Sunday, March 16, 2008

Northwest Journal

I’m quite happy having minimal stuff -- and just sitting on the carpet leaning back on my inflatable bed against the wall, typing my thoughts. In time, I get what I think is essential to my optimal functioning. Yesterday, that was the fairly easy decision to get a new bike -- rather than mess with the dysfunctional old bike, that basically is an accident waiting to happen, in that the brakes don’t work well. A lot of people fall for this kind of false economy -- to “save” $50-100 while opening themselves up for a major calamity.

I’ve been looking at these Walmart Next bikes for sometime -- curious if it works since they seem so outrageously priced, for all the latest features they have, that cost at least ten times as much elsewhere. I paid $73.86, for a bike that would cost $738.60 in a bike shop. And then I bought a helmet for $7.14, and a lock for $5.46, both of which would have cost me ten times as much purchased in a bike shop. And I did check out three bike shops before deciding to go Walmart.

And as far as I can tell, there’s nothing that the expensive bikes can do a whole lot better than this entry level model. Even a comparable bike at Fred Meyer would have cost twice as much -- but there was nothing under $120 worth considering. Walmart had a $60 bike that I would not consider worth buying -- but for $14 more, I have a bike that is all a bike needs to be.

My old bike was better, undoubtedly, as a permanent possession -- but as a “disposal” bike, this is all it has to be for one year or more. That’s the lifetime I expect from any purchase anymore. If it lasts a year of excellent performance, I don’t care if it isn’t forever, because I’ll probably want the “new and improved,” state of the art -- especially at the low end.

I called Pat and told him of my exploits in Salem so far, and he had never ridden the bus and was impressed that I had ventured all the way out to Walmart and got a bike that I rode home on. He was impressed that the bus day-pass was $2. Then when he heard that I had abandoned the notion of resurrecting the abandoned ($60 Walmart) bike and bought the $74 model that I fully approved of, he was again impressed with my decision-making.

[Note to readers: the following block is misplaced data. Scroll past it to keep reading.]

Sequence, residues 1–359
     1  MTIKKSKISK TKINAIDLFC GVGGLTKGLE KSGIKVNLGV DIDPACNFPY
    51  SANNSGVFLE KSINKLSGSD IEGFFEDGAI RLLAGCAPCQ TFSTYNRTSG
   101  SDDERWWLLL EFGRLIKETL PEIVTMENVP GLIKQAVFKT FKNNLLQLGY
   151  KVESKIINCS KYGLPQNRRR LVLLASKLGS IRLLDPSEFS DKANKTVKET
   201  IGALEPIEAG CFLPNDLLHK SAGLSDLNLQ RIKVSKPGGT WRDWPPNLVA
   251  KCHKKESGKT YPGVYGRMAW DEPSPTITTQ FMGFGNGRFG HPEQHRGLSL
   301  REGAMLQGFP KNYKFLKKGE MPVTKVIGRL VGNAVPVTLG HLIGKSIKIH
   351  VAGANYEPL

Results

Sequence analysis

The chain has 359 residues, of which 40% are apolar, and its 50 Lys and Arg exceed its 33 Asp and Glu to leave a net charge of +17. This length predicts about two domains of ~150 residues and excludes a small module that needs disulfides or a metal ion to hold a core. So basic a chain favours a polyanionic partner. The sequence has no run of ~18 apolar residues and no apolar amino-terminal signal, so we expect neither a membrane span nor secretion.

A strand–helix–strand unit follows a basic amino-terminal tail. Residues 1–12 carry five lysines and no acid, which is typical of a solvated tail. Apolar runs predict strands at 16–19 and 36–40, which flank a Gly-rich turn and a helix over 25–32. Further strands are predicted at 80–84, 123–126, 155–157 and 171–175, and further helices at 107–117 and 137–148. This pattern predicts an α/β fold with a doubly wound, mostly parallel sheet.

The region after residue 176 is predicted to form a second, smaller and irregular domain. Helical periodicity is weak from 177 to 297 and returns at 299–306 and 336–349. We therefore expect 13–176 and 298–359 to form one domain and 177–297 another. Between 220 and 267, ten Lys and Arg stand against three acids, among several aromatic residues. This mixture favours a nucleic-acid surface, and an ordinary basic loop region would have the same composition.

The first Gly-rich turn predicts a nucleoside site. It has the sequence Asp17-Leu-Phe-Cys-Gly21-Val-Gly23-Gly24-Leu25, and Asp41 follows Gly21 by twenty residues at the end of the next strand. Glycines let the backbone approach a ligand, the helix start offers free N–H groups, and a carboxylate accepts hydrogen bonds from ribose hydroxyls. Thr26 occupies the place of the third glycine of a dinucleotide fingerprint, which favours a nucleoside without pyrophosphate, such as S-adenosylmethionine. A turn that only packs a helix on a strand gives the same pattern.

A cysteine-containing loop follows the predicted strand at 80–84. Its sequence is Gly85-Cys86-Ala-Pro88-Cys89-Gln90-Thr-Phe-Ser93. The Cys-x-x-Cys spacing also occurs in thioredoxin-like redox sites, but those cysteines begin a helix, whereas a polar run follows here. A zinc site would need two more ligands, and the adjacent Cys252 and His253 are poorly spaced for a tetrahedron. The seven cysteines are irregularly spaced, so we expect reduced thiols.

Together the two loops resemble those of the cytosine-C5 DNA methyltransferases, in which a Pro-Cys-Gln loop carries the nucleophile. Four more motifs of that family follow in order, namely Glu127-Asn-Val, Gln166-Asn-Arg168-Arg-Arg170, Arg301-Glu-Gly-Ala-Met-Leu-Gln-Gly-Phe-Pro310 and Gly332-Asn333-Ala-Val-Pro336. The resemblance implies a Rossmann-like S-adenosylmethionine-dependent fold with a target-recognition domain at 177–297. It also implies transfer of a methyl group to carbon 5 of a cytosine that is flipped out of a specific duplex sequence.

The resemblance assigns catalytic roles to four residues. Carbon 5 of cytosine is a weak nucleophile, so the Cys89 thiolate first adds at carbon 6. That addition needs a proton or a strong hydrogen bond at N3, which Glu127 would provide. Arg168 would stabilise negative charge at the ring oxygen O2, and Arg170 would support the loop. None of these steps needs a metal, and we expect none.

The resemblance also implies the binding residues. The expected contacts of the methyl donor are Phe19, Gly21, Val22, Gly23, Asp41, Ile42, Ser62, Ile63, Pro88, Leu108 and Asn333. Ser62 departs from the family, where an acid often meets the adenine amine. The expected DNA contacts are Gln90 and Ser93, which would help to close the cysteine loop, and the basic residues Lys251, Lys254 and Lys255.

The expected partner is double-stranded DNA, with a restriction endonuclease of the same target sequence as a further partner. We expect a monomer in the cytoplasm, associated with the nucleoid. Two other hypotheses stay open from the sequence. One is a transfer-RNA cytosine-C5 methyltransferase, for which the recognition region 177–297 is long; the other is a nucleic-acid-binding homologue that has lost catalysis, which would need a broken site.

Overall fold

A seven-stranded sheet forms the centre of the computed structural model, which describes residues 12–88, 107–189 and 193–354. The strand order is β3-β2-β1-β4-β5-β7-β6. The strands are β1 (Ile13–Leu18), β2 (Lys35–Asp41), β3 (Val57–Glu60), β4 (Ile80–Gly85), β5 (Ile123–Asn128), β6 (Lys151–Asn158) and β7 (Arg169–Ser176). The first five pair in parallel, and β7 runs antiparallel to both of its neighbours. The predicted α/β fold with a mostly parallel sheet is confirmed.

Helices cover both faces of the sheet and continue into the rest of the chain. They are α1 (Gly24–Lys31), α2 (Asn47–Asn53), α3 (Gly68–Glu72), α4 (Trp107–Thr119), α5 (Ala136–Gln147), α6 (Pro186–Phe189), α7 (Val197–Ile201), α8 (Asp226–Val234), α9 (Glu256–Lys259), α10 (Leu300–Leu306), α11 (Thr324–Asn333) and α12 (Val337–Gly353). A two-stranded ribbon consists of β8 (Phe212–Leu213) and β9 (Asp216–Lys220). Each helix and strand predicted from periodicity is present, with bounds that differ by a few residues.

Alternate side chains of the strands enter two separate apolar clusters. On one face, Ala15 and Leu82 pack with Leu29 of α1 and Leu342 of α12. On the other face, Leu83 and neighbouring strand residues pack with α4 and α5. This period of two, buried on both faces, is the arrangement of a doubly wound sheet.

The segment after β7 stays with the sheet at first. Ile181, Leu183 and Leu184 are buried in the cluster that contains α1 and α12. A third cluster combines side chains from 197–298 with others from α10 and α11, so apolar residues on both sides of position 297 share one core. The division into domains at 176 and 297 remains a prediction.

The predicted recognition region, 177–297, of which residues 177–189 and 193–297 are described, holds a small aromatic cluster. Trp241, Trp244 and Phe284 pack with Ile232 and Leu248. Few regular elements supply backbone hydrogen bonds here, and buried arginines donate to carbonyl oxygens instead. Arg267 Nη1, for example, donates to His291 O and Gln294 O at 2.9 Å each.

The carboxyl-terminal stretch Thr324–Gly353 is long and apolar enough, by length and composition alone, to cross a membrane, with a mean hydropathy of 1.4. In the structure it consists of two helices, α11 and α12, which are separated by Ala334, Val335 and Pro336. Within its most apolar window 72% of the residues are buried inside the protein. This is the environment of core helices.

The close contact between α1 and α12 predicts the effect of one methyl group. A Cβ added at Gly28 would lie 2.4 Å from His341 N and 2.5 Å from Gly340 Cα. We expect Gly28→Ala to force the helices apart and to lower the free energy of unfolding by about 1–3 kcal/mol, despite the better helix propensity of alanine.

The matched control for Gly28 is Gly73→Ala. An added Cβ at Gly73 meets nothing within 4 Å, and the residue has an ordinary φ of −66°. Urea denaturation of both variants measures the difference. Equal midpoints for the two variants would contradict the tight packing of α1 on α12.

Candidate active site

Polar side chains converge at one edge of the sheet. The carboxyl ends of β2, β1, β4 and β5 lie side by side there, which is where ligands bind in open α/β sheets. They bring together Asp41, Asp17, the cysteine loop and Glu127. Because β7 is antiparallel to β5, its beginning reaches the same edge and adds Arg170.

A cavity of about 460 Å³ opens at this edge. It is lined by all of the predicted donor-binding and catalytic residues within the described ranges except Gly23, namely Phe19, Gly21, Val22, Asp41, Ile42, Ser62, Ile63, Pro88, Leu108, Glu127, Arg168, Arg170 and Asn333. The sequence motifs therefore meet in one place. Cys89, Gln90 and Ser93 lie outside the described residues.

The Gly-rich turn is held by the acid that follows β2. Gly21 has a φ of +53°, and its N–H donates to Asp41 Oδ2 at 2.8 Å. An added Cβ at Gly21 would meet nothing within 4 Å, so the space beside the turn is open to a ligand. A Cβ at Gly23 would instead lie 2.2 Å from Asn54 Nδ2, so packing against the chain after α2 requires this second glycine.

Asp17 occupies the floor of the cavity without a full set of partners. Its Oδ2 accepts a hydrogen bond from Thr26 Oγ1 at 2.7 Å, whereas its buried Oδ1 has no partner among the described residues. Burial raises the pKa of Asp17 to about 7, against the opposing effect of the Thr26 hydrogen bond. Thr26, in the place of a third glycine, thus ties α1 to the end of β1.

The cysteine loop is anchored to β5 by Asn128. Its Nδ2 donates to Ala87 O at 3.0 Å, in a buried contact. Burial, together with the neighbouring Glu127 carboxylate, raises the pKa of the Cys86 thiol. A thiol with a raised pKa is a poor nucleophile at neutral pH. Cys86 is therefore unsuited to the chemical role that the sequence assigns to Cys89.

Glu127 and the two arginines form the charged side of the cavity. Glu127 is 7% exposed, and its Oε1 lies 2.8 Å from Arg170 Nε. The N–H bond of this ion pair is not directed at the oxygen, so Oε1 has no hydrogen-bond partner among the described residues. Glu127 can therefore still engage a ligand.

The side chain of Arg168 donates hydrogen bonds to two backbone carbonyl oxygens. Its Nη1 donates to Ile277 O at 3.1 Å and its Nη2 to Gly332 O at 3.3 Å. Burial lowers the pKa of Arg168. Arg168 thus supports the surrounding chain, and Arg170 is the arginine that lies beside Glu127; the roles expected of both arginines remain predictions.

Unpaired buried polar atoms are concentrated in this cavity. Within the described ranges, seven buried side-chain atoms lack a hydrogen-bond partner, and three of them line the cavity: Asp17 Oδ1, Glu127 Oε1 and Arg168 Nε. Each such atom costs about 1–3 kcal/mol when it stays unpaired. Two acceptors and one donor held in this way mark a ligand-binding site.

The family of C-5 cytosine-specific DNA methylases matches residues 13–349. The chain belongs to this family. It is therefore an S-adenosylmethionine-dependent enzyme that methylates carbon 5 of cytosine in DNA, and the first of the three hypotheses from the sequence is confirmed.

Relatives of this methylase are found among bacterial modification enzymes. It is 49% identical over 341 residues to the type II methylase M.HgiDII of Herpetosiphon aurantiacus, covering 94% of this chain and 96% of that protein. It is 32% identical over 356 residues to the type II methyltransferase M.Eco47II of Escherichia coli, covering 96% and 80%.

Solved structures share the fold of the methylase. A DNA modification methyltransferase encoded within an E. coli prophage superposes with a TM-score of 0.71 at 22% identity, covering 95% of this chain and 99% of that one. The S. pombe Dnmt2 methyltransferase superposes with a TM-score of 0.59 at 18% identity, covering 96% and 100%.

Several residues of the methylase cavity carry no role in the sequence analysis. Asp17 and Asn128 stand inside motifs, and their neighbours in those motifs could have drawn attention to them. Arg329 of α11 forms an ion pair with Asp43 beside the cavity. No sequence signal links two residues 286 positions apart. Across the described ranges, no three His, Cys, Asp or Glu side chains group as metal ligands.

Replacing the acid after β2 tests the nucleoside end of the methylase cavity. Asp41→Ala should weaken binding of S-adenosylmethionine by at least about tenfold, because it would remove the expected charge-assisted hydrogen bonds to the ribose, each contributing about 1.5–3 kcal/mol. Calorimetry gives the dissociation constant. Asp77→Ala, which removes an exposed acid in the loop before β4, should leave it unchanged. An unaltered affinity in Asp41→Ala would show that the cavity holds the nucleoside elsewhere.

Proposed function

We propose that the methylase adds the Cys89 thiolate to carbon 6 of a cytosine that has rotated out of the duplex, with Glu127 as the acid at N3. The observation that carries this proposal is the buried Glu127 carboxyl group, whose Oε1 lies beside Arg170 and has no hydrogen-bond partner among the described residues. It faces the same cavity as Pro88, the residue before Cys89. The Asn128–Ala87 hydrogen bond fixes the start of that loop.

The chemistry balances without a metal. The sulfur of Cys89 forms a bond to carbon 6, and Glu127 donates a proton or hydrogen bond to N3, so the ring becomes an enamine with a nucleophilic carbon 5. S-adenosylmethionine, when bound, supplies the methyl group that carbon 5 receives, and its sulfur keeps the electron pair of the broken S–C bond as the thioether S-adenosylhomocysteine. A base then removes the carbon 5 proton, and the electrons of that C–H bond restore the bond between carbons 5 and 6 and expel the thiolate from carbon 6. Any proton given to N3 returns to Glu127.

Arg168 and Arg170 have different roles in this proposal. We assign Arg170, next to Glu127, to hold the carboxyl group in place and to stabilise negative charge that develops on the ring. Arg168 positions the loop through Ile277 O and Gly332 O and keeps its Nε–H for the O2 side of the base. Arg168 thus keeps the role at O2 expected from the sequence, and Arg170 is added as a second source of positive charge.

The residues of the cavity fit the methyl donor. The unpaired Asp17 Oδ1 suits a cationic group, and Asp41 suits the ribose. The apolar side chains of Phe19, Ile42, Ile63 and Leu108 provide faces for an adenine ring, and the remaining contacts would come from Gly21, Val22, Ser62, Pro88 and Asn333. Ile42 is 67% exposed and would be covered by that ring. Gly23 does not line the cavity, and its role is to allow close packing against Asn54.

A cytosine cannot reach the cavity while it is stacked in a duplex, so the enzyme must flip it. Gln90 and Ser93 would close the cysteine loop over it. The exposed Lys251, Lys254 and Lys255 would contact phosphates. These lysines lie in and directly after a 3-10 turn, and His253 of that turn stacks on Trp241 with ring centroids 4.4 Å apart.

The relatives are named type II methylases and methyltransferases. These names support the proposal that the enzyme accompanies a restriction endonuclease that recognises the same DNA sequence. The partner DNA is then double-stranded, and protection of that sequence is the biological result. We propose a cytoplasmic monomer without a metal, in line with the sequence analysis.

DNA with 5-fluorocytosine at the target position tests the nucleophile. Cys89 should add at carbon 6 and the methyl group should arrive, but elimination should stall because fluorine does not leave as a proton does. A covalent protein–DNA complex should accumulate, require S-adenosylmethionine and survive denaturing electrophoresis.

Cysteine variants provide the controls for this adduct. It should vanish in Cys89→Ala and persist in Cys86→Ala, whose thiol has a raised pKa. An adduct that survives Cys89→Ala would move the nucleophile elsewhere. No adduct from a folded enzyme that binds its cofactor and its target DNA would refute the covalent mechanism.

Like I told Isaac, I’ve bought over 20 bikes in my lifetime and enjoy going back into the market to see what is available now -- especially at the basic entry-level. It’s like buying the low-end basic, entry-level computer now and finding it fully-loaded with all the features that would have cost a premium five years ago -- standard.

I always knew that bike technology was really quite the bargain and still the state of the art in human efficiency -- so for me to look at this $74 purchase and see everything it has, makes me marvel that they can be selling anything like this so cheap, anywhere in the world. It’d just be a tankful of gas for everybody else.

Yesterday was also my first interaction with the community for any extensive purposes and I was very impressed with how helpful everybody was. Every customer is cheerfully welcomed and assisted as much as they want to be. The people seem to be wholesome and healthy -- without the presence of a hard-core perennial and resentful underclass.

One notices that absence -- coming from Hawaii so recently. Hawaii is becoming a very class conscious and stratified society -- between the haves and the have nots, as a permanent condition of its society, which is not a healthy and promising portent for the future. The Democrats have become the dominant and ruling class -- like Saddam’s Baathist party. You don’t find that in Salem -- that those have a right to more privileges by virtue of being in the majority with the power to impose their will and injustice on everybody else.

I don’t know what else one can do but leave such a society -- for the freedom elsewhere. Hawaii is a very controlled society -- by the old powers that were and hope to always remain so. Whereas here, one gets the sense that society is constrructed for the least able and privileged, to enjoy the richness of society as much as anybody else. The roads here are good -- without all those potholes, craters, and perennial construction -- and all the sidewalks have those ramps that bikes can travel safely on away from the traffic.

Things are done right -- without all the rationalizations and explanations for why they aren’t.


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